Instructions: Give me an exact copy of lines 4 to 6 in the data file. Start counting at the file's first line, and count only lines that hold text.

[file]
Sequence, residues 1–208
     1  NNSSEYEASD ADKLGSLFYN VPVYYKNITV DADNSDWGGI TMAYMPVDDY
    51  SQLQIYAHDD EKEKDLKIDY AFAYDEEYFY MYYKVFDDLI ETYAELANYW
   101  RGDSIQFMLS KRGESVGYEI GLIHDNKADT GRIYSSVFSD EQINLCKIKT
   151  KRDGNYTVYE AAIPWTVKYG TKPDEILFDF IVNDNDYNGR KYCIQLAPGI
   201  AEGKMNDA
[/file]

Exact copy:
   101  RGDSIQFMLS KRGESVGYEI GLIHDNKADT GRIYSSVFSD EQINLCKIKT
   151  KRDGNYTVYE AAIPWTVKYG TKPDEILFDF IVNDNDYNGR KYCIQLAPGI
   201  AEGKMNDA